Wes Anderson delivers a visual treat with his latest effort. Anderson, recognised for his distinct and quirky visual aesthetic, triumphantly returns after a secret romance between a scout boy and a school girl of ‘Moonrise Kingdom’ (2011) to deliver a Wes Anderson experience his fans appreciate, and more.
The Grand Budapest Hotel resides on a mountainside in the fictional city of Zubrowka, inspired by Eastern European culture, at its peak, the establishment boasted extravagant decor and highly distinguishable guests. The film jumps back and forth from various time periods from the peak of the establishment in the late 1930s – at a time of threat from war to the later dormant state of its downfall in the 1960s.
The film begins as a character referred to as ‘Author’ (Tom Wilkinson) recounts the time to when he visits the Grand Budapest in the 1960s as a young writer, as the hotel is at a dormant state, possessing less than impressive decor and close to none guests, questions the current owner ‘Mr Moustafa’ – later revealed as former bellboy ‘Zero’ as to how he acquired the establishment. Following on, the film portrays the experiences of bellboy ‘Zero’ (Tony Revolori) and concierge ‘Monsieur Gustave’ (Ralph Fiennes) as news reaches the hotel that a distinguished guest ‘Madame D’ (Tilda Swinton) was found dead, leading to the accusation and arrest of concierge Monsieur Gustave H. Due to the fact Madame D. and Monsieur Gustave were romantically involved – which was the case for all the older female guests that resided at the hotel, they later discover in her will that Madame D. has passed down a priceless artefact named ‘Boy With Apple’ to Monsieur Gustave, leaving the family outraged. As they embark on a mission to discretely acquire and store the painting, Monsieur Gustave is arrested on false accusations for the murder of Madame D. As a result, the film transcends into an adventure of an ongoing sequences from Monsieur Gustave’s prison escape to the ski-chase sequence involving hired assassin J.G. Jopling (Willem Dafoe) to an elaborate gun shootout involving Madame D.’s son ‘Dmitri’ (Adrien Brody) to name a few. Meanwhile, the plot dabbles on the romance between Zero and young baker Agatha (Saoirse Ronan) as a feature into the already multi-layered narrative.
Anderson’s visual aesthetic remains prevalent in ‘Grand Budapest Hotel’, such as the use of panning shots and the continual practice of placing character centric to the frame, as well as following a similar colour scheme throughout the film – reds, pinks, purples in this case. Wes Anderson fans will enjoy appearances by actors featured in most of his films such as Bill Murray, Edward Norton, Owen Wilson and Jason Schwartzman. An intriguing aspect that is heavily featured in this film in comparison to his other works is the use of profanity and violence, Fiennes lines often included innuendos and explicit uses of profanity, and with his excellent delivery, comedic moments are especially enhanced. The use of profanity is not as prominent in Anderson’s earlier works however, it could be an example of a during the comedic moments throughout the film. In addition to the recurring gags involving mild violence, at one point in the film, ‘Deputy Kovacks’ (Jeff Goldblum) fingers get cut off by a closing door leaving the audience and myself squirmish and shocked. Perhaps it’s a convention in Hollywood action blockbusters but it was definitely eyebrow raising for indie-cinema favourite Wes Anderson. I thoroughly enjoyed scenes involving visual gags, Anderson’s use of intertitles is a favourite aspect of mine and it is used as a means of dividing parts of Zero’s life experiences into ‘chapters’. In my opinion, this may not be Anderson’s greatest work however, it could be due to the overtly darker storyline, in the overarching sense of things.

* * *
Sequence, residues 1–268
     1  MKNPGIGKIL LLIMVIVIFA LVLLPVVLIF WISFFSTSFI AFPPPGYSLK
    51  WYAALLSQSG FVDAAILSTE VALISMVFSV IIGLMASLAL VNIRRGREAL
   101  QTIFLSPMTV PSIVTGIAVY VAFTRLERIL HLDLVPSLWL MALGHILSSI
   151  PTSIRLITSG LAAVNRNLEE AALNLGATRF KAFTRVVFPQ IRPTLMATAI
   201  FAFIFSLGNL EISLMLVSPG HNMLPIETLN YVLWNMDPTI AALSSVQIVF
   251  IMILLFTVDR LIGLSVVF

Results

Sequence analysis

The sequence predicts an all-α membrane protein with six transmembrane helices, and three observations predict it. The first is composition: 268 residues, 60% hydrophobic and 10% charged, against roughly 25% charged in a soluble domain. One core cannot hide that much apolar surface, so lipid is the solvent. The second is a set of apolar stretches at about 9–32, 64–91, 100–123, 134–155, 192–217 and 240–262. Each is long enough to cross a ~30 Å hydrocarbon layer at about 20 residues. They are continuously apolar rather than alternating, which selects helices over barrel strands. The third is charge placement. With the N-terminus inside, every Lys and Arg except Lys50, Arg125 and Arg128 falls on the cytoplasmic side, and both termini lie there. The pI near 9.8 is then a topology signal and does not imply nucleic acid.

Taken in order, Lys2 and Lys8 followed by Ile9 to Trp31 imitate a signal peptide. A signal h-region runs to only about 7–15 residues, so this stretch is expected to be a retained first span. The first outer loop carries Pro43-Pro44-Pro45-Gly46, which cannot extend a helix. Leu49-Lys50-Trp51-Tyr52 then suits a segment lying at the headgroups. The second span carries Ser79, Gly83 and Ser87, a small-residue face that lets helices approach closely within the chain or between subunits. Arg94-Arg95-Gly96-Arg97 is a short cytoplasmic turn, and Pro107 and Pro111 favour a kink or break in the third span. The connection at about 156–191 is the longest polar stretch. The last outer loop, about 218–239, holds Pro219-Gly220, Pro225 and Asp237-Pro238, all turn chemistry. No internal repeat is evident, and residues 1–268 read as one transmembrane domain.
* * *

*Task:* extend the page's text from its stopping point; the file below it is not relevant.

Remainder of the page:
Anderson continues to provide a humorous, witty and immersive representation of a world where an individual can have such a large influence on those around them. Audiences will enjoy the visual aesthetic Anderson is known for and also bringing slightly mature topics and themes less prevalent in his earlier works. A cat does fall out of a window, you have been warned.
IMDB Rating: 8.4/10
My rating: 8/10